Sep 6, 2013
Sizing up nanocrystals in phase transformations
Particle size is more important than previously believed when it comes to nanocrystal phase transformations. This is the new finding from researchers at the Lawrence Berkeley National Laboratory in California and the University of California at Berkeley. The result could be important for designing future hydrogen storage systems, catalysts, fuel cells and batteries from these nanostructures.
The researchers, led by Stephen Whitelam and Jeffrey Urban, obtained their result thanks to a unique optical probe that they developed in their laboratory. The probe is capable of directly imaging metal nanocrystals as they undergo various phase transformations during reactions with hydrogen gas. This is the first time that phase transformations in nanocrystals have ever been observed in this way, says the team.
Phase transformations in nanomaterials are profoundly different from those occurring in bulk materials since the surface area of nanocrystals is much greater and affects the thermodynamics and kinetics of particle nucleation. Urban and colleagues’ optical probe consists of a stainless steel airtight cell with optical windows and heating elements, connected to a high vacuum pump. The experiment involves collecting luminescence spectra (with a confocal Raman microscope) of palladium nanocrystals measuring between around 10 and 120 nm across as they interact with hydrogen gas. "The apparatus is able to monitor tiny variations in luminescence as hydrogen is absorbed," explains Urban, "which allows us to determine how the size of the nanocrystals affects the intrinsic thermodynamic and kinetics of hydriding and dehydriding phase transformations."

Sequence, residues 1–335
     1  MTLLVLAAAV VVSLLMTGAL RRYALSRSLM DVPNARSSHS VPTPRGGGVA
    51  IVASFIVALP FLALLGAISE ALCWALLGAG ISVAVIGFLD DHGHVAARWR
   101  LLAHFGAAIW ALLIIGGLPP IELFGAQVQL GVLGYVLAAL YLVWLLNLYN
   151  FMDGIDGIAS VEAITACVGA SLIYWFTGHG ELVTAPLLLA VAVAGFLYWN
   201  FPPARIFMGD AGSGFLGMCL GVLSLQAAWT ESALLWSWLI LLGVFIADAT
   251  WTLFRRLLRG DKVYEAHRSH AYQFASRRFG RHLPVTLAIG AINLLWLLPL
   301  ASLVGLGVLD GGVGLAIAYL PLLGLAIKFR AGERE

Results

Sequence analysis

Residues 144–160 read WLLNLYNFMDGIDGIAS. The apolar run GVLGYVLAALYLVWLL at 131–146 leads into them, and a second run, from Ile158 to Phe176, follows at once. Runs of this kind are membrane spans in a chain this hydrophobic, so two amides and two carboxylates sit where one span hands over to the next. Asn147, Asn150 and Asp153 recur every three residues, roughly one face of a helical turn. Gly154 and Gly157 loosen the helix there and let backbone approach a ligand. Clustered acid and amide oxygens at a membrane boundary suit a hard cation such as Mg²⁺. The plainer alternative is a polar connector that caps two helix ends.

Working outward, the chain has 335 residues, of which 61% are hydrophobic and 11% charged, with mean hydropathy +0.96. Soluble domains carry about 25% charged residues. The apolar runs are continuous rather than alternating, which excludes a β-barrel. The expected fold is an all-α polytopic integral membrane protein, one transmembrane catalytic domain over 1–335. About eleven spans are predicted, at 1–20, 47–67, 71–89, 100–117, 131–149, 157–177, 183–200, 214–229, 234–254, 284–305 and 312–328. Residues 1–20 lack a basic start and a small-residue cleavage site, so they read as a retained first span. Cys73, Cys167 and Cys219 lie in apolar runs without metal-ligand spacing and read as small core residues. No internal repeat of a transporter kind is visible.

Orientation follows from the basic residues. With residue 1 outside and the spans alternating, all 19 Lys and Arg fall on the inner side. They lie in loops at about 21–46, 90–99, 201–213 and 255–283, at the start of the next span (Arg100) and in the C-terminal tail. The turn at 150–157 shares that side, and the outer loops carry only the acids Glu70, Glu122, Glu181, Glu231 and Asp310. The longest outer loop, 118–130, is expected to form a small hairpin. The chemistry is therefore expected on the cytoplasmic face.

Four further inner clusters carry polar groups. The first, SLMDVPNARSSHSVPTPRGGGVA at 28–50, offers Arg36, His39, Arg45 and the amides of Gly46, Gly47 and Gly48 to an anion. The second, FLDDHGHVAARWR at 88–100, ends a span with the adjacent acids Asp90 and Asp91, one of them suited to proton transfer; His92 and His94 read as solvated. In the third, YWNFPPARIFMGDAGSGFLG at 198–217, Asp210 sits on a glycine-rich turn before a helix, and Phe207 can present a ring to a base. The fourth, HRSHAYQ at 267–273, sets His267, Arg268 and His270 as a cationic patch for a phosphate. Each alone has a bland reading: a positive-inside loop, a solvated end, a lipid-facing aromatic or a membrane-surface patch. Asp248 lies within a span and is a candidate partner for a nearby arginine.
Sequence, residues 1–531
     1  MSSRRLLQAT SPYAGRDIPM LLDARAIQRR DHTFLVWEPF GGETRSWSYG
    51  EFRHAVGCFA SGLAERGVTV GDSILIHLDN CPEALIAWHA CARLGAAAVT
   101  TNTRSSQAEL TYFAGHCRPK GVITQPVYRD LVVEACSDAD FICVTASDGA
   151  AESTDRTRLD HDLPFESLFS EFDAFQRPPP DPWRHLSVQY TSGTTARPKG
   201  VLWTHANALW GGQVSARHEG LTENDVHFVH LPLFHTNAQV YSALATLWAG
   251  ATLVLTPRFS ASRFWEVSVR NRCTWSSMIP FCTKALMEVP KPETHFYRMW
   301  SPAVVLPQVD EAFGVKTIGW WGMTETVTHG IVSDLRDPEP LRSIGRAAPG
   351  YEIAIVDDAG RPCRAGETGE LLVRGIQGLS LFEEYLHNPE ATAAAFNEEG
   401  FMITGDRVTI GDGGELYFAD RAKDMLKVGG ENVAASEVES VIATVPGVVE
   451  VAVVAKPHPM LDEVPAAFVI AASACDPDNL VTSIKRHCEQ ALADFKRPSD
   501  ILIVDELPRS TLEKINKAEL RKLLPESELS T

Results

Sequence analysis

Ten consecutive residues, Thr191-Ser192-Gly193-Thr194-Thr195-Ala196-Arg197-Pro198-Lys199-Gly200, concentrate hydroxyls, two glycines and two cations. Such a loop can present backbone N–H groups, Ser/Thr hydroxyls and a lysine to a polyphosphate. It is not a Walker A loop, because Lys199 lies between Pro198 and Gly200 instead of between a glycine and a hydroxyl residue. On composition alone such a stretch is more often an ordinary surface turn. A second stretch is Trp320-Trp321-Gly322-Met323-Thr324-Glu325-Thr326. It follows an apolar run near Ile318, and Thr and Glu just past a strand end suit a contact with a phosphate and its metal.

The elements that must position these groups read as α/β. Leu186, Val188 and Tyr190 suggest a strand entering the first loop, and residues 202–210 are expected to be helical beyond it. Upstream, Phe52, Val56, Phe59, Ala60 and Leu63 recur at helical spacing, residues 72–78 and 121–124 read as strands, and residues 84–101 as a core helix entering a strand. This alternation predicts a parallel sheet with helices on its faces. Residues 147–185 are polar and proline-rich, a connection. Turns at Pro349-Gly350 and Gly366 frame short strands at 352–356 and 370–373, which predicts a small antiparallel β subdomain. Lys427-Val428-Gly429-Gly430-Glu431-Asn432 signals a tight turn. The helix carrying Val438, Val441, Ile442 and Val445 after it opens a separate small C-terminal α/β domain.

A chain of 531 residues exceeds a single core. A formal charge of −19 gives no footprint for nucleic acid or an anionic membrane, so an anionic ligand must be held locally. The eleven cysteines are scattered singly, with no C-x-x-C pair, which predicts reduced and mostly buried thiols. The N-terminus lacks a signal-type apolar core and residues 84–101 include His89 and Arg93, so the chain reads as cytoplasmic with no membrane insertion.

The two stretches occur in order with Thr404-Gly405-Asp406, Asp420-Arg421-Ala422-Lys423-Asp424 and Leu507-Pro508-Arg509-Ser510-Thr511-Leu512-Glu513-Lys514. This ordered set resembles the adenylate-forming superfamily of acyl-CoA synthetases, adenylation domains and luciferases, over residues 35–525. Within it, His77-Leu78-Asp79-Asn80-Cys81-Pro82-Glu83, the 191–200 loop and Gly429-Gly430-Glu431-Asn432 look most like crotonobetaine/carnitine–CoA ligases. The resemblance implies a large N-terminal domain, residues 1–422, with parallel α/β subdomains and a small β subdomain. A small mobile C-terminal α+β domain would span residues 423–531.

The researchers also employed a statistical mechanical model to quantify their experimental observations for the differently sized palladium nanocrystals. The results show a clear and direct correlation between nanocrystal size and luminescence.
"Metal nanocrystals emit light, but metal hydrides do not, so we can directly monitor the progress of the phase transition by measuring the emitted light while adding hydrogen gas, and changing the temperature and pressure," Urban told nanotechweb.org. "This allows us to ‘watch’ the phase transition for different sizes of nanocrystals – for example, small nanocrystals change their luminescence very quickly whereas larger nanocrystals change more slowly."
The findings could be useful for optimizing hydrogen storage kinetics in such nanosystems, he adds.
The California team now plans to look at the effects of dopants on phase transformations in metal nanocrystals and study how different gases, not just hydrogen, interact with these structures.
The present research is detailed in Nature Materials doi:10.1038/nmat3716.
About the author
Belle Dumé is contributing editor at nanotechweb.org.